Take stock of the rear bumpers on modern cars. Of course there all IMP and body-colored, and they 'fit in' with the lines of the rear fascia. Every trunklid wraps down to the rear bumper ("for lift-over ease"), 90% have a 'minivan indent' where the trunklid angles either straight down or is backcut from the bumper. ALL SUVs, ALL minivans, ALL cars feature a decklid opening down to the bumper: there is but 1 car on the road today that bucks this, and the review-whiners be damned - the Dodge Challenger put style over ease-of-use and does NOT wrap the deck opening all the way down to the rear bumper & instead runs full-width taillights across the rear. Can't you feel that cooling, refreshing breeze blowing??? As students of auto design, retro-esque cues or not, we should all be dancing in the streets over this single feature- God bless Chrysler!

And, for me at least, the rest of the car is the same thing. Bodies are tighty wrapped and small; not only don't stylistic sweeping gestures play well on small cars (see my sig quote from one Bill Mitchell), there's no room for them anyway and CAFE, NHTSA, aero, FedReg, etc won't permit much else. Take the front fenders off 15 cars, toss them on the ground and there's almost no identity to them- the sheetmetal on same-class modern cars does no 'talking' as far as ID is concerned- all of a car's look, image/ ID is wrapped up in tiny grille (ahem- notinthecaseofthenewacuras!) and the lights. All hoods are pitched downward, all headlights are integral and flush (ahem- accord, FX)... one could barely feel out one's own car in a midnight parking lot, nevermind tell the difference between others.

Bottom line : many cars will 'get ugly' because there is little left to physically change except the details (grilles, bumpers, lights), and once most of the decent ideas are gone thru, those that are less pleasing will be forced to move into rotation merely to serve the cause of 'change'.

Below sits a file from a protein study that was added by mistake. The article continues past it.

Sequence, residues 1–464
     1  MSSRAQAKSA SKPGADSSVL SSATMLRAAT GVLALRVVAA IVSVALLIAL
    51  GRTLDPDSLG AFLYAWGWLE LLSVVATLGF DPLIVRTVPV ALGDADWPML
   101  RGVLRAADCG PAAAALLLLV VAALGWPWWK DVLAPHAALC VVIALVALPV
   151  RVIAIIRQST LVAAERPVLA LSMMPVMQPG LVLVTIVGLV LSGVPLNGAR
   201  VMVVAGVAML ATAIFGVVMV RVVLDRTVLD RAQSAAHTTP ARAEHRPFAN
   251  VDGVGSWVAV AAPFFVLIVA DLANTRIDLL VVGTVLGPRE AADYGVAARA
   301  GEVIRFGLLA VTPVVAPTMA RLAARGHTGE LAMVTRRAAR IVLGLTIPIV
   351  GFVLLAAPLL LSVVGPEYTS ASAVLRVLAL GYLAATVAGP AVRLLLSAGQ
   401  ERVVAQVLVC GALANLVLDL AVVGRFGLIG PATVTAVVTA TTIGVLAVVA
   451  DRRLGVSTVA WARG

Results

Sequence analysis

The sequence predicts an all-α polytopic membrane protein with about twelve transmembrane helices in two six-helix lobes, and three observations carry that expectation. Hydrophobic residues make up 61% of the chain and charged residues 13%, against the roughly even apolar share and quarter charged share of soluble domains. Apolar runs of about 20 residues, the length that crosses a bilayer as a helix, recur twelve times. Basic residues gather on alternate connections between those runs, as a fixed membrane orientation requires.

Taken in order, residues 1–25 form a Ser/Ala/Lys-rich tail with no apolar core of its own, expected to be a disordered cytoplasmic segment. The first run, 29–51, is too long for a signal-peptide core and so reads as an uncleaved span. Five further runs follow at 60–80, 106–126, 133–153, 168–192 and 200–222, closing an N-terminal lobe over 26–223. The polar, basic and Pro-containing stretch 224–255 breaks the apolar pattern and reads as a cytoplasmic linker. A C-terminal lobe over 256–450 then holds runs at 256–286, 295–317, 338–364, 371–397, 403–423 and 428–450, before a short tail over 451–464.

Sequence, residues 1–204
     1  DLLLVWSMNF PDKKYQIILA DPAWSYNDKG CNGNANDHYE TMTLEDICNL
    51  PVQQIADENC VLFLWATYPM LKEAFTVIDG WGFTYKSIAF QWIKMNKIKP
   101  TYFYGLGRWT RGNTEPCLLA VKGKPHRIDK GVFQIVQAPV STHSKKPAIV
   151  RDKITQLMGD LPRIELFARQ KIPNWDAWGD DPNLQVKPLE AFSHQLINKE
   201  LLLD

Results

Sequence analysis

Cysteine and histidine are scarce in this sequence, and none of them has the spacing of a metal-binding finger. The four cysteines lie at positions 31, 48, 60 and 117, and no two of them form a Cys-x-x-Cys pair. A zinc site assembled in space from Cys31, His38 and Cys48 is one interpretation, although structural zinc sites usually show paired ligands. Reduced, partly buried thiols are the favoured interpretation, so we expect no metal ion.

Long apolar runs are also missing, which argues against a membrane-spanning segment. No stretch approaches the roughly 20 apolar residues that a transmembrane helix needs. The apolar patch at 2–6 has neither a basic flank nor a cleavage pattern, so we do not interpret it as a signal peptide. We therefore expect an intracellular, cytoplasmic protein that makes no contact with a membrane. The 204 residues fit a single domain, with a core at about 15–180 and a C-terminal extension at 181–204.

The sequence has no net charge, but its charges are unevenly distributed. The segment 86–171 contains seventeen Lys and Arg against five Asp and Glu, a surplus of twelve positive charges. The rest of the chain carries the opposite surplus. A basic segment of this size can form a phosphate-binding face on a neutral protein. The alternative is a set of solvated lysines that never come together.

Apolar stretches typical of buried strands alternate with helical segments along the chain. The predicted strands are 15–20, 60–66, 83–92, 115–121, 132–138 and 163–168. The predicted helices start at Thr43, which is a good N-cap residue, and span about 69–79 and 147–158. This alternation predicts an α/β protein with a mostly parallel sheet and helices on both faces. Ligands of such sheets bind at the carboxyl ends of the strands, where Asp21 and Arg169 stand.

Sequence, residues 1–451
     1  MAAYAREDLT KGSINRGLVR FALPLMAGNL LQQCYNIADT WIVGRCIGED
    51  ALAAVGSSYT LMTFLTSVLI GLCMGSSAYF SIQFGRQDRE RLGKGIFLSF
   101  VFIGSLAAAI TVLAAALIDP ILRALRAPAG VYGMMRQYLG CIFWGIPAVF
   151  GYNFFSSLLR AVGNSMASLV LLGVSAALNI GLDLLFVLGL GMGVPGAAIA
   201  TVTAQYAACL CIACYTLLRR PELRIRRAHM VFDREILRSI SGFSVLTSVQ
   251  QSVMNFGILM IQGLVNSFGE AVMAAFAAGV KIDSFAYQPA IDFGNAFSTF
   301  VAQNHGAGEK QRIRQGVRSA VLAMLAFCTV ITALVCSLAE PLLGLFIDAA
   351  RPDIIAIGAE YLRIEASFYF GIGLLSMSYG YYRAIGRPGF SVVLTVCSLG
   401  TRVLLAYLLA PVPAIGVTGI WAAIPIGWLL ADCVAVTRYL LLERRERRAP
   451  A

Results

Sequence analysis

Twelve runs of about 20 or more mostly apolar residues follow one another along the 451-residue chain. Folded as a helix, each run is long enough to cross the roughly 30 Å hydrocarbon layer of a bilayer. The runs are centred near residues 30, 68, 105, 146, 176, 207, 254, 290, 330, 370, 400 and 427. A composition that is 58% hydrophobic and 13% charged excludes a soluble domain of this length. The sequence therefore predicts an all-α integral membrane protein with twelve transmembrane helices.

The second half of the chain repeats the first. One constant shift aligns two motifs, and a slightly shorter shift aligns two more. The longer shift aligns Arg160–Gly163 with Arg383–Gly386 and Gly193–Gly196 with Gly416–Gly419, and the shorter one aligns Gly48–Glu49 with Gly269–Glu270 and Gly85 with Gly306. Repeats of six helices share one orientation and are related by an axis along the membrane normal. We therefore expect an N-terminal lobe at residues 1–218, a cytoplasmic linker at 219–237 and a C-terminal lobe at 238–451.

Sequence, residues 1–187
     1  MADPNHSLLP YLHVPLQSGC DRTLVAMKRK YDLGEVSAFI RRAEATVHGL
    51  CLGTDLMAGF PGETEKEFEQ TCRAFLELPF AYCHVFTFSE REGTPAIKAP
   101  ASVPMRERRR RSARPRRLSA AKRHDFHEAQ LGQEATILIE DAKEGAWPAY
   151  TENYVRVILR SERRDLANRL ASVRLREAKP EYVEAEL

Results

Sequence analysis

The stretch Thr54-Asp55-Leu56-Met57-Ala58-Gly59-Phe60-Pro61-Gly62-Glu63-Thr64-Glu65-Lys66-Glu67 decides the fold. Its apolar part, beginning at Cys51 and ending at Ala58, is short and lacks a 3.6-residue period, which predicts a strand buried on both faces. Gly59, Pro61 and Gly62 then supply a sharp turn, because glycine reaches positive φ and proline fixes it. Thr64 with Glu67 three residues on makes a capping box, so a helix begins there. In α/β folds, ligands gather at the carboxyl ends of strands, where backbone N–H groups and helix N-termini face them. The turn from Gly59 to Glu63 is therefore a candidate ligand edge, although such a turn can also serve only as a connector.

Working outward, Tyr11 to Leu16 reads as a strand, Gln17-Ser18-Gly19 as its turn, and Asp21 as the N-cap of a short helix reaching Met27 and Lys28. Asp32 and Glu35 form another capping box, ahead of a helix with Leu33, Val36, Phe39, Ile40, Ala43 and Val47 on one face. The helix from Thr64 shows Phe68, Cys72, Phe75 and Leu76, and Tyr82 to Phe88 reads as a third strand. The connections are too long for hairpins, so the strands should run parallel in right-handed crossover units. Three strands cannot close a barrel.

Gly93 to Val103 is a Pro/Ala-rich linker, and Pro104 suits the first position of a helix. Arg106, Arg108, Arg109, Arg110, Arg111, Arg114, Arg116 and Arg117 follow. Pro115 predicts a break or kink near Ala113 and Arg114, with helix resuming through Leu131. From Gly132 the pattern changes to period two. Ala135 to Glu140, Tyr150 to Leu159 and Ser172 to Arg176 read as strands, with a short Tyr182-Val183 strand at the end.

To me, modern car design is not unlike a can of soda : we've gone thru the screw-cap, bi-metal, crimped edge, the pull-top, slightly different shapes, the 'stackable base' but now the can itself is done... only thing that will change is the label, and some will naturally look less appealing than others.

This doesn't mean that a few designs will not appear dynamic and actually new and look terrific, but the the bulk will have to scrabble around in the bottom of the barrel.

Close the book.

Excellent breakdown....put things I never considered in ways I never considered.

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I see your point Balthazar but I'm not ready to

completely give up just yet... there's always a

way to think outside of the box, and to be fair

I'm surprised that you're DEFENDING the lack

of originality.

Production cars like the Viper, Mercedes CLK

& CL fixed roof hardtops, Chrysler Charger,

Challenger & 300C, Infiniti FX/G, Cadillac CTS

the now dead Prowler & even the now stale &

dumbed down PT Cruiser prove just how lazy,

unimaginative & untallented most designers

are... or perhaps companies like Toyota & to

a lesser degree GM stifle, trip up & discourage

anything outsied of the box.

----

I would say the DARK perior was 1974 - 1984

as far as styling goes, but even then there

were a few really nice designs and overall

there was more B+ & A- designs than today,

while the D- & Fs were just as prevalant.

L.A.

I pretty much disagree with 75% of the list

you posted on the 1st page.

Late '80s B-bodys were ugly ut somehow all

those disgusting FWD piles of camel turd

were NOT!?

I'm stumped. :huh: